It has been well documented that the two most important breast cancer susceptibility genes, BRCA1 and BRCA2, accounted for approximately 15% of breast cancer cases due to inherited mutations or alterations. However, BRCA1 and BRCA2 mutations are present in far less than 1% of the general population. It is estimated that all the currently known breast cancer susceptibility genes accounts for less than 25% of the familial aggregation of breast cancer. Our data demonstrated that CD44 gene polymorphisms/variations may account for 80% of breast cancer cases. Thus, CD44 polymorphisms will be a good marker in breast cancer disease prediction and diagnosis. The technique of CD44 polymorphism analysis used in breast cancer patients is feasible and reliable so that CD44 polymorphism analysis has a great potential in clinical prevention, diagnosis and treatment for breast cancer patients.

Early diagnosis of cancer diseases is a big challenge in effective cancer treatment. Genetic screen of CD44 polymorphisms in breast cancer patients will provide a novel platform for cancer prevention and early cancer disease diagnosis, which will be of benefit to the effective clinical treatment of breast cancer disease.

In the interest of brevity and conciseness, any ranges of values set forth in this specification are to be construed as written description support for claims reciting any sub-ranges having endpoints which are whole number values within the specified range in question. By way of a hypothetical illustrative example, a disclosure in this specification of a range of 1-5 shall be considered to support claims to any of the following sub-ranges: 1-4; 1-3; 1-2; 2-5; 2-4; 2-3; 3-5; 3-4; and 4-5.

These and other modifications and variations to the present disclosure can be practiced by those of ordinary skill in the art, without departing from the spirit and scope of the present disclosure, which is more particularly set forth in the appended claims. In addition, it should be understood that aspects of the various embodiments can be interchanged both in whole or in part. Furthermore, those of ordinary skill in the art will appreciate that the foregoing description is by way of example only, and is not intended to limit the disclosure so as further described in such appended claims.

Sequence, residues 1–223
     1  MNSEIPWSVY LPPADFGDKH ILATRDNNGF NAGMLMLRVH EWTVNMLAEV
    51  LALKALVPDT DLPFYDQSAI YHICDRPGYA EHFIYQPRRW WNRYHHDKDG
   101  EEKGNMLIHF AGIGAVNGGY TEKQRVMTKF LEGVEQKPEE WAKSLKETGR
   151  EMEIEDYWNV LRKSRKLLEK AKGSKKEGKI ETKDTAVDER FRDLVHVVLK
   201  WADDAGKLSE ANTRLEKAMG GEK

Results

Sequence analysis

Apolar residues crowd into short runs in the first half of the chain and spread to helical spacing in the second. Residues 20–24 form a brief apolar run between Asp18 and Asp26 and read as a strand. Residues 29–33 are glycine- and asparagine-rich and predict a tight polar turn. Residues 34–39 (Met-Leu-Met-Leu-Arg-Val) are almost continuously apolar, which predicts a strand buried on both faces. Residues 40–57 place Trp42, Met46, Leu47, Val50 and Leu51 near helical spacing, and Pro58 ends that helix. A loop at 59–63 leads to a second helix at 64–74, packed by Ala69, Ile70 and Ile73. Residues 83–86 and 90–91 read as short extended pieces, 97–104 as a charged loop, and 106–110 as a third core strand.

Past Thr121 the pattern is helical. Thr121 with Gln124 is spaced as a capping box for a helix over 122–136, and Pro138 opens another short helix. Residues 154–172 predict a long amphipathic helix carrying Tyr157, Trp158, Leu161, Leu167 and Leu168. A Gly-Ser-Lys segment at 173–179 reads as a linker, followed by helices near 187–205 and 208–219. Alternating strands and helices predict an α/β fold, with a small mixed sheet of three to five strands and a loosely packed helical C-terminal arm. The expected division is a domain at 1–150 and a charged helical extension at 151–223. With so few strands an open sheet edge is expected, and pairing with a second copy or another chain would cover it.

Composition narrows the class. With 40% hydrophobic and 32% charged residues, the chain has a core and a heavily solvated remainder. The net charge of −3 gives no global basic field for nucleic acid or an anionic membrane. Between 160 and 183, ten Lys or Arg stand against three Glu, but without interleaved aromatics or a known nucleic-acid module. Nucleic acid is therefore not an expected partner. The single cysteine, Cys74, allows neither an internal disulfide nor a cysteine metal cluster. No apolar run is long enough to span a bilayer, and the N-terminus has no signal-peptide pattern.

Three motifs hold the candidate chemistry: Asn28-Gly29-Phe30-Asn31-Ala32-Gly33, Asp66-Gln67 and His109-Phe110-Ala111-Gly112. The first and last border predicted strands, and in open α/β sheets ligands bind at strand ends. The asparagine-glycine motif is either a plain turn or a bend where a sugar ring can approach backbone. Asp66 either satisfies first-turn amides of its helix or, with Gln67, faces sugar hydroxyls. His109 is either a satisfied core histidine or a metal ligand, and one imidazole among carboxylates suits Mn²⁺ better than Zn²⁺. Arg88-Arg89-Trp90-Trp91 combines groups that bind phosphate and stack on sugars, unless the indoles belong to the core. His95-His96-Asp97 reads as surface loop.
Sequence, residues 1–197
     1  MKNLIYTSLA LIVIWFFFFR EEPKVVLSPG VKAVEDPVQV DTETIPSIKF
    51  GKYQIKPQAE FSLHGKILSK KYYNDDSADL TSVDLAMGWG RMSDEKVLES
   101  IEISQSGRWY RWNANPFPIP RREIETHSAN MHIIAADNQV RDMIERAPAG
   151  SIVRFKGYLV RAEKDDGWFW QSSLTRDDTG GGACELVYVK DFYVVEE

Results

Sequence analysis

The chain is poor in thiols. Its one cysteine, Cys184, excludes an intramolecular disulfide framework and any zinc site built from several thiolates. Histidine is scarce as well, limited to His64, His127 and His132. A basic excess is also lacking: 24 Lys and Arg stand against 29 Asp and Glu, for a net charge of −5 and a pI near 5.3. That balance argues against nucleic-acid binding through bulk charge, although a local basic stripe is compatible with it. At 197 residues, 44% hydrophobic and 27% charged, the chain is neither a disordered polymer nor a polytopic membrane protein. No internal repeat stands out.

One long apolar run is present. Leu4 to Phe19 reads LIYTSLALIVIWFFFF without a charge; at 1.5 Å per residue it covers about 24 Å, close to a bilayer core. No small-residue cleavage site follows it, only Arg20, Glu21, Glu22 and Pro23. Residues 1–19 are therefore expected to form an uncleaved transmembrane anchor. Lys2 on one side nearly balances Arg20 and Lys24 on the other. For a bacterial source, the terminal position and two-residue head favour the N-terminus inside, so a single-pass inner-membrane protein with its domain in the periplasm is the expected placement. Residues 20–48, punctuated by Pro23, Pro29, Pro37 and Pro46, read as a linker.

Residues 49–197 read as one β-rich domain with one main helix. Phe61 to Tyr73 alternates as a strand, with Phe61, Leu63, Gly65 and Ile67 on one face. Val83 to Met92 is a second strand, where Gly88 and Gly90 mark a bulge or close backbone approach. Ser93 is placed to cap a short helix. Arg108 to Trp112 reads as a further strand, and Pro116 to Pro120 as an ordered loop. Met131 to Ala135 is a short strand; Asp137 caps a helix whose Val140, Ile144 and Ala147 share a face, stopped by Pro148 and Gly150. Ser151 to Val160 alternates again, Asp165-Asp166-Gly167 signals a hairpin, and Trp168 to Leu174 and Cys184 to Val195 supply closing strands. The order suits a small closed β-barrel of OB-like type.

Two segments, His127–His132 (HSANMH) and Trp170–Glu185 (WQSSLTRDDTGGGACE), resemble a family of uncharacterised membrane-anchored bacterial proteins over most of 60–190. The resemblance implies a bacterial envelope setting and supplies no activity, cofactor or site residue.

TABLE 1 Female breast cancer patients Caucasian Asian Number of patients containing unique CD44 33 12 polymorphism Number of patients without unique CD44 8 11 polymorphism Total number of patients analyzed 41 23 Percentage of patients containing unique CD44 80 52 polymorphism (%) Note: Statistical analysis indicated that Caucasian female breast cancer patients had a significant higher percentage of the patients containing unique CD44 Ex2 + 14 A > G polymorphism than Asian female breast cancer patients (Odds ratio, 3.78; 95% confidence intervals, 1.23-11.65; p < 0.05).

TABLE 2 Caucasian population Cancer patient Normal donor Number of subjects containing unique 33 4 CD44 polymorphism Number of subjects without unique 8 5 CD44 polymorphism Total number of subjects analyzed 41 9 Percentage of subjects containing 80 44 unique CD44 polymorphism (%) Note: Statistical analysis indicated that Caucasian female breast cancer patients had a significant higher percentage of the patients containing unique CD44 Ex2 + 14 A > G polymorphism than Caucasian normal donors (Odds ratio, 5.16; 95% confidence intervals, 1.12-23.69; p < 0.05).

TABLE 3 Female breast cancer patients Caucasian Asian Number of patients containing unique 16 7 CD44 polymorphism only Number of patients containing 17 2 additional CD44 polymorphisms Total number of patients analyzed 33 9 Percentage of patients containing 52 22 additional CD44 polymorphisms (%) Note: Statistical analysis indicated that Caucasian female breast cancer patients had a significant higher percentage of the patients containing additional CD44 polymorphisms than Asian female breast cancer patients (Odds ratio, 3.72; 95% confidence intervals, 0.67-20.63).

Claims (12)

1. A method for detecting a predisposition to breast cancer in a subject, comprising:
obtaining a biological sample from a subject;
isolating genomic DNA from the biological sample;
amplifying CD44 exon2 region sequences including the CD44 exon2 sequence and boundary sequences between exon2 and upstream intron and between exon2 and downstream intron from the genomic DNA in the presence of a forward primer SEQ ID NO: 1 and a reverse primer SEQ ID NO: 2 to form amplification products; and
detecting in the amplification products one or more polymorphisms, wherein the presence of one or more polymorphisms in the sequence of CD44 exon2 gene indicates that the subject has a predisposition for developing breast cancer.
2. The method as in claim 1, wherein the subject is a human.
3. The method as in claim 1, wherein the biological sample comprises blood.
4. The method as in claim 1, wherein the biological sample comprises peripheral blood mononuclear cells.
5. The method as in claim 1, further comprising performing a visualization method of a breast of the subject comprising one or more of MRI, mammography, or ultrasonography to detect breast cancer.
6. The method as in claim 1, wherein the predisposition is an inherited predisposition.
7. The method as in claim 1, wherein the one or more polymorphisms in the sequence of CD44 gene comprises Ex2+14 A>G.
8. The method as in claim 1, further comprising cloning the amplification products to form cloned PCR products.
9. The method as in claim 8, further comprising transforming the cloned PCR products into bacterial competent cells to develop plasmid DNA samples containing the cloned PCR products.
10. The method as in claim 9, further comprising isolating the plasmid DNA samples containing the cloned PCR products.
11. The method as in claim 10, further comprising sequencing the plasmid DNA samples.
12. The method as in claim 11, further comprising analyzing the polymorphisms and the adjacent intron sequences.